Defining the term “furlough”

The public hearings on the 2010-2011 school budgets begin tonight in Lowell. No one thinks that there is any way the schools will be able to get through the next fiscal year without massive cuts of programs, services and teachers. The last several years the budgets have been decreased and belt-tightening measures have been put in place. Optional services and programs have already been cut or consolidated so that, for this next massive round of cutting – or more accurately, unfunding – the cuts are to the bone. Teachers and paraprofessional staff  have been hearing about the possibility of job loss for the last month and now those murmurs are reality.

One idea being floated is the idea of teachers taking “furlough” days – unpaid leave. As you can imagine, the unthinking masses who hate spending a dime on educating “those people” are frothing at the thought of those “lazy teachers” who work only part of a full day (see my previous posting) earning less money.

Hold on here folks. If you assign a particular day to me as a “furlough” does that mean you expect me to still show up for work because that seems to be the popular belief?

When a public works employee takes a furlough day, he or she stays home and the work just does not get done. If I stay home from work, the plans for the day and the preparation to implement those plans, still get done – on my own time – and the City hires a sub at the tune of $75-$90 per day. The school day just doesn’t disappear because I’m present or not.  How is that a budget saver?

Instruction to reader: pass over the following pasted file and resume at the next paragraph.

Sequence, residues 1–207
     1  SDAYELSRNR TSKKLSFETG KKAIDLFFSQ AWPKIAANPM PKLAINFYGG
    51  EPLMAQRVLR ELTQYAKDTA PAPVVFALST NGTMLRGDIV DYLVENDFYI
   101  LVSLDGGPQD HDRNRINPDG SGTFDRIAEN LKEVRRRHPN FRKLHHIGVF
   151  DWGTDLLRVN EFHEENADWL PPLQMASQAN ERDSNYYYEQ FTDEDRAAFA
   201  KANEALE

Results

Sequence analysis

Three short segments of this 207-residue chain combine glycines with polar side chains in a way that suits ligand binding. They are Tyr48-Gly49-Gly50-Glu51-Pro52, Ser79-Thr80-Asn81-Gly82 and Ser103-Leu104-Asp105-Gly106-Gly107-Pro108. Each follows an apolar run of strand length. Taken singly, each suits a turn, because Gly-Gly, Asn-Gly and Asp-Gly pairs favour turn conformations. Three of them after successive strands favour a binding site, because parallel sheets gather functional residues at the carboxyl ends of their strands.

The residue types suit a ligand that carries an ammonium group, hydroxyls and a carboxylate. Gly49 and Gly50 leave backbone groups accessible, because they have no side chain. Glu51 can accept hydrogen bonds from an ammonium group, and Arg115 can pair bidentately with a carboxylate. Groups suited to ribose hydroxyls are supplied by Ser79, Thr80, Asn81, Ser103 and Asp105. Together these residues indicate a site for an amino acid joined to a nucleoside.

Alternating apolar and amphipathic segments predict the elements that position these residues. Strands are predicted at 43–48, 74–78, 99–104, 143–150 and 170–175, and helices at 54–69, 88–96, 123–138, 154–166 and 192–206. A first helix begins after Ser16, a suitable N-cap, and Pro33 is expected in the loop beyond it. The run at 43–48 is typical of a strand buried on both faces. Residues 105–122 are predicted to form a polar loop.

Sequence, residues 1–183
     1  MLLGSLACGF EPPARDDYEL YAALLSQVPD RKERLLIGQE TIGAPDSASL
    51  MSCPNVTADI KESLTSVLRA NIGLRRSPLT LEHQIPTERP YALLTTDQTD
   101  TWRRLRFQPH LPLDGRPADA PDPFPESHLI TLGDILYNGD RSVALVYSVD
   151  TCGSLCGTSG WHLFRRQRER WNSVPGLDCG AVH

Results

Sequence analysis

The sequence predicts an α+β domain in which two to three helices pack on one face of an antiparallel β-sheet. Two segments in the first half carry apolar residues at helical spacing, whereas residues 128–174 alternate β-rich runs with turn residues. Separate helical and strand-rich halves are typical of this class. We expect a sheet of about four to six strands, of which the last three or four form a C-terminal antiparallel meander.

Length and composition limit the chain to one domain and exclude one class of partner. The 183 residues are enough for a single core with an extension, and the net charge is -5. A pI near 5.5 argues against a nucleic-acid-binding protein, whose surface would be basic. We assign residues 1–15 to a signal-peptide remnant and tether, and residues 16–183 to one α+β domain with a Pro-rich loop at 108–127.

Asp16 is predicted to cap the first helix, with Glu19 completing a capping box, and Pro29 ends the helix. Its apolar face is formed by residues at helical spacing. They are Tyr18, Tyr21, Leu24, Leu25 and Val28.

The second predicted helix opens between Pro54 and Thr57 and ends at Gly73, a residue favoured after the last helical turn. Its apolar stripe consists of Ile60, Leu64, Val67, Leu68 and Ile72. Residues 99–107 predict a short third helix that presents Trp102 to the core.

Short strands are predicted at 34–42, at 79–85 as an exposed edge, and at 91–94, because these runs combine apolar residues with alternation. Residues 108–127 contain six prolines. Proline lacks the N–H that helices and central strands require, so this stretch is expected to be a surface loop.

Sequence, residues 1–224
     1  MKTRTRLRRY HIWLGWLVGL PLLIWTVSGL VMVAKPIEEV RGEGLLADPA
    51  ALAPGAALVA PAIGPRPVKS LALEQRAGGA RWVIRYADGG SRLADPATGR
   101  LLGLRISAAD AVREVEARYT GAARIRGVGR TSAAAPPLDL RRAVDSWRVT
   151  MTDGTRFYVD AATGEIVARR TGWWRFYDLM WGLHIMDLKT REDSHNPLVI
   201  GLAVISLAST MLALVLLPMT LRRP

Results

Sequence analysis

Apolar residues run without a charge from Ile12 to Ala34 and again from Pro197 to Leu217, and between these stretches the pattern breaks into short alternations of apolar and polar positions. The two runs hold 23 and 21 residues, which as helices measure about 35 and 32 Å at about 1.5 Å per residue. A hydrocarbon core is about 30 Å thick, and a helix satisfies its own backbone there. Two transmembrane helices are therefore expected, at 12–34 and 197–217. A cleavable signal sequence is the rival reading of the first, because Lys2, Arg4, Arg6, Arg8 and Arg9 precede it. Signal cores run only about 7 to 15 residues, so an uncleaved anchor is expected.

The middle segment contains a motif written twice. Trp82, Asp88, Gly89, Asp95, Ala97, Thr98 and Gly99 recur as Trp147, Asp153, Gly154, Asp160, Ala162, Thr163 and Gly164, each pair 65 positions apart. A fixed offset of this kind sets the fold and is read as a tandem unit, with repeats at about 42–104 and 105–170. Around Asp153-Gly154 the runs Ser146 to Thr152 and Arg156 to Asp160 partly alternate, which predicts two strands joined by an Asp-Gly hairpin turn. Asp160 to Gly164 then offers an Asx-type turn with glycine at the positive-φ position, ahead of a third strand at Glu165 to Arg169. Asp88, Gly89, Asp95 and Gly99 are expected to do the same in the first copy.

Here’s what I would be willing to do: I would be willing to work partial days at strategic times throughout the school year. For example, the first 3 days of school and/or the Friday before a vacation week. In return, the students would be dismissed at lunch time similar to what happens on the Wednesday before Thanksgiving break. The day would count as a school day so that would not impact the state’s requirement for 180 school days, the afternoon would be left to my discretion, and the City would not have to pay anyone for the balance of the day.

And in return? If I’m willing to reduce my pay and potentially impact my retirement, I’d like to see some of those 90 teaching positions restored. Our students get little enough without massively cutting technology teachers, music teachers, tutors, or paraprofessionals who are essential in helping teachers reach every student.

And if you have a better idea? Attend the budget meetings. Call your School Committee. Call the City Council. Our children’s futures depend on you.

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